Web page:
London: AstraZeneca's intranasal COVID vaccination reduced virus concentrations and curbed transmission in two different SARS-CoV-2 animal models, demonstrating the need for further investigation as a potential method of inoculating COVID-19 shots.
The trial, led by researchers including from the US National Institutes of Health (NIH) and the University of Oxford, UK, was published in the journal Science Translational Medicine.
While previous studies in rhesus macaques revealed that intramuscular vaccination with AstraZeneca COVID shot provided protection against pneumonia, it did not reduce shedding of SARS-CoV-2 from the upper respiratory tract.
In the new study, intranasal vaccination of rhesus macaques and hamsters resulted in reduced virus concentrations in nasal swabs and a reduction in viral loads in bronchoalveolar lavage and lower respiratory tract tissue.
"The data presented supports the investigation of intranasal delivery of COVID-19 vaccines. With the roll-out of COVID-19 vaccines worldwide, it will be crucial to investigate whether the vaccines provide sterilising immunity, or whether vaccinated people are still susceptible to infection of the upper respiratory tract and onward transmission of the virus," Vincent J Munster, from the Laboratory of Virology at the NIH's National Institute of Allergy and Infectious Diseases.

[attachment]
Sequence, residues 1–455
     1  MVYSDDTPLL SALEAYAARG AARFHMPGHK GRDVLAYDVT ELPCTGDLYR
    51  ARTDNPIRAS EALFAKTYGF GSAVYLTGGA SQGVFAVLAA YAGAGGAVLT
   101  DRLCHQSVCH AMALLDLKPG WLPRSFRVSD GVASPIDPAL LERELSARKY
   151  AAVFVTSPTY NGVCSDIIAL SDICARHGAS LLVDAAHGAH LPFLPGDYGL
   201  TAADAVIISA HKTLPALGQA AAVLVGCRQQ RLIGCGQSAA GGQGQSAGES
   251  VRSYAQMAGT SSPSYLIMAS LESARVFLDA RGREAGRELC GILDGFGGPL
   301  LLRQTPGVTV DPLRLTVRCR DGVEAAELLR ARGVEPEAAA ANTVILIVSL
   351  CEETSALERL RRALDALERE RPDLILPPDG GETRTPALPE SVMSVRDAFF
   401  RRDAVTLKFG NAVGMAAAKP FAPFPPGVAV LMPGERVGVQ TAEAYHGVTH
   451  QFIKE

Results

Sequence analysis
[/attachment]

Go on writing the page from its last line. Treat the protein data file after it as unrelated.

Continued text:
The data presented here demonstrates SARS-CoV-2-specific mucosal immunity is possible after intranasal vaccination, and results in a reduction in virus detection in nasal swabs in hamsters and macaques, he added.
The team investigated whether intranasally administered ChAdOx1 nCoV-19 (AstraZeneca's intranasal COVID vaccine) reduces detection of virus in nasal swabs after challenging vaccinated macaques and hamsters with SARS-CoV-2 carrying a D614G mutation (the original COVID variant) in the spike protein.
"Viral loads in swabs obtained from intranasally vaccinated hamsters were decreased compared to control hamsters, and no viral RNA or infectious virus was found in lung tissue after a direct challenge or after direct contact with infected hamsters," Munster said.
The macaques "exhibited low titers of IgG and IgA antibodies in nasosorption samples coupled with low virus neutralising (VN) and sera IgG titers, suggesting that a robust humoral response in the nasal mucosa and in circulation is necessary to efficiently control nasal shedding," he added.
Although protection of the lower respiratory tract was complete in intranasal-vaccinated animals, only partial control was seen in intramuscular-vaccinated animals, in contrast to the direct challenge experiment, the researchers said.
The team also mentioned that the animal numbers were limited and although differences were observed and were very encouraging between intranasally vaccinated and control animals, these were not significant.
The University of Oxford has started a phase 1 clinical trial including 54 healthy adults to investigate intranasal vaccination of human volunteers.